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Mourning A Legend: The Impact of Prodigy of Mobb Deep

I had a bunch of cassette tapes growing up. I would sit in front of the radio staring at it, deep in Petion-Ville, Haiti, waiting for the right songs to come on to hit the dusty record button and dub on top of whatever was there before. I remember my older brother and I hearing "Hell on Earth (Front Lines)" for the first time. We heard the beat and instantly got pulled in.

Next thing we heard was Prodigy of Mobb Deep and the opening lines of the song. "Yo, the saga begins, begin war. I draw first blood be the first to set it off."

Both my brother and I looked at each other and hit record instantly. "Hell on Earth" was everything we wanted in a rap song without knowing it.

It was dark, it was menacing, the rapping was excellent, the hook was catchy, yet Prodigy's cadence was so cold but urgent. It was like the bad guy in the movie that never looked angry when describing all the terrible things he'd subject you to.

We were floored and couldn't get enough.

We were fortunate enough to record a version of the song that was long enough to loop the beat at the end. Inspired by Prodigy's verse, we would rap over it. We wrote over it and we would rap the lines over and over again. We eventually felt confident enough to rap our verses to others.

Our local radio station had a hip hop hour and on select days, the local DJ would have callers who would rap on the spot for him on air. Callers would either have to request a beat to rap over, or the DJ would pick one for you. One lucky day we got through the line, requested the "Hell on Earth" instrumental and rapped our verses to the best of our ability. It was an amazing feeling and my short lived rap career was born.

Prodigy of Mobb Deep, born Albert Johnson, has passed away due to his life long battle with Sickle Cell Anemia. I could not help but relive those moments and reflect on all the classic material Prodigy and Havoc, known together as Mobb Deep, has added to this culture.

Prodigy was one of the few remaining of his class. A class that is only continued in today's Hip Hop by rappers like Freddie Gibbs: the classic gangster rapper, the classic east coast MC. The brutally honest, vivid lyricism, rugged aesthetic, clear and concise voice, unrelentingly raw, and the street credentials to convince you everything he said could absolutely be true.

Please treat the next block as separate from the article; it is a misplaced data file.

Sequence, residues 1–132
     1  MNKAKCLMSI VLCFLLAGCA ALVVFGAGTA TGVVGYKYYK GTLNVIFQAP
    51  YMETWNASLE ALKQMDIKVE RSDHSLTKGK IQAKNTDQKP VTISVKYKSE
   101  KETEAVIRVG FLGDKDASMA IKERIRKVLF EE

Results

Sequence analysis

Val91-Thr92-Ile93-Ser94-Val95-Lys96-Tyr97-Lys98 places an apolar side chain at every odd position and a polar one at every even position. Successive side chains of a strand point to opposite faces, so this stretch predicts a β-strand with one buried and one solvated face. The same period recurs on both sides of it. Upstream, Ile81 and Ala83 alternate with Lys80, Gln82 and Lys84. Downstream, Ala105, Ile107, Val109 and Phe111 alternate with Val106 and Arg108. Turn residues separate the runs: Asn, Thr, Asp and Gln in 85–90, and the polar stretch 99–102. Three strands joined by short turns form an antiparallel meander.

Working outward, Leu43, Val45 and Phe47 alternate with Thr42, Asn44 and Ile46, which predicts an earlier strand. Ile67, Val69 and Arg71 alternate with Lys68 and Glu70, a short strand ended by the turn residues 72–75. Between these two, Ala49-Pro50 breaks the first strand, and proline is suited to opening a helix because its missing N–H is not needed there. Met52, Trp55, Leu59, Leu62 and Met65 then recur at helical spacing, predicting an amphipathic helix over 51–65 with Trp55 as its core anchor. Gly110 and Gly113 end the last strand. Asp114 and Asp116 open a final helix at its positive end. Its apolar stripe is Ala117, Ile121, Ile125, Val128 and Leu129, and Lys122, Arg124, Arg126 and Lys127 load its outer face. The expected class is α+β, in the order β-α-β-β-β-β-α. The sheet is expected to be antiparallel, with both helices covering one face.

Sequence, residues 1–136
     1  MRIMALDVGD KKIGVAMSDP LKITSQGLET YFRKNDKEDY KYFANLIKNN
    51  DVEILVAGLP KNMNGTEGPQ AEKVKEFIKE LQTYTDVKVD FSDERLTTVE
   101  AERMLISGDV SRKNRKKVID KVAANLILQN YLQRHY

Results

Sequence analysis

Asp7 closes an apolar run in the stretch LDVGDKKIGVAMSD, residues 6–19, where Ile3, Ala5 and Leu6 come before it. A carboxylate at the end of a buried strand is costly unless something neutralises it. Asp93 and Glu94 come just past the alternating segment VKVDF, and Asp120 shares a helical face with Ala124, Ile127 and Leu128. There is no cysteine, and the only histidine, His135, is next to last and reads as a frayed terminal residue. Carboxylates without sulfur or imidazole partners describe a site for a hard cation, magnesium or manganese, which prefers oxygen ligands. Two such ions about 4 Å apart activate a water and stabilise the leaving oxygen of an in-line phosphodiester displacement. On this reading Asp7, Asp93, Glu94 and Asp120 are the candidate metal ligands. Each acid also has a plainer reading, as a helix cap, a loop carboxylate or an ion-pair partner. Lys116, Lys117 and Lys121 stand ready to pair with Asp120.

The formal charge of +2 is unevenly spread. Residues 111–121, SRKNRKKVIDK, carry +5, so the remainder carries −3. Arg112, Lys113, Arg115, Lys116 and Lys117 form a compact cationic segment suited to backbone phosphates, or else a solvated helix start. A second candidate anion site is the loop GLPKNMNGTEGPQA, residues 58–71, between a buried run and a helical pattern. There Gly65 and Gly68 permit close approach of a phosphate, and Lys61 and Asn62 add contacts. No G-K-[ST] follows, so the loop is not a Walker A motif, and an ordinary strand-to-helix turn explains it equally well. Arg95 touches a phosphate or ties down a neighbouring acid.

When Prodigy raps, "speak the wrong words man and you will get touched" on Shook Ones Pt. 2, you believe every word of it. His voice captured your attention immediately and his sharp lyricism kept it. Prodigy really lived up to his name in more ways then one.

He and Havoc made "The Infamous" at the age of 19. "The Infamous" is widely considered one of the greatest rap records ever. He was easily among the top rappers during his time like Jay-Z, Nas, Raekwon, Notorius BIG, and Ghostface Killah. You do not mention those rappers when discussing 90s Hip Hop without including Prodigy.

Besides the music, Prodigy's personality and character was bar none. He once chided other rappers on a viral video regarding what he perceived as their lack of skills; going as far to tell them to find another career ( "Go fucking paint a house").

In the same video, he went on to name rappers that he disliked. Prodigy and Havoc were one of the few in New York to take on the West Coast head on during the West vs East beef. He voiced his displeasure with Dogg Pound Gangstas shooting their video in New York, in which they kicked down The Twin Towers without any consequence, and recorded "LA, LA" as a response.

When 2Pac dissed everyone from the East coast on "Against All Odds," Mobb Deep did not take it sitting down. They recorded "Drop A Gem On Em," a vicious retort to 2Pac which quite frankly deserves more credit in the lexicon of rap diss songs. Prodigy clashed with both Jay-Z and Nas, his long time friend and collaborator. They both represented the same neighborhood: Queens Bridge.

Although history may not remember him as the victor in these battles per say, it was obvious that P left his mark and held his own. He would not back down to anyone.

Prodigy wore his bout with Sickle Cell Anemia like a badge of honor. He addressed the pain he felt daily on "You Can Never Feel My Pain" which was on his first solo album H.N.I.C., a personal classic of mine.

He discussed his struggles with candor and honesty: "1994 motherfucker I was born with pain. My moms and my pops passed it down to me". The song gave you insight into what he went through and how often he suffered. To us Mobb Deep fans, it's something we were use to and never really thought about nor mentioned. He lived through it, and continued to deliver excellent music. Truth be told, we took for granted that the disease could take him away from this earth and our time was fleeting with this remarkable talent. The time has arrived, and sickle cell anemia has finally caught up to P.

I, like many other Mobb Deep fans, have been blessed to have enjoyed his music and talent. Hip Hop will never forget Prodigy's contributions and we will forever immortalize him through his music. He will be greatly missed.

Rest in Peace Prodigy.


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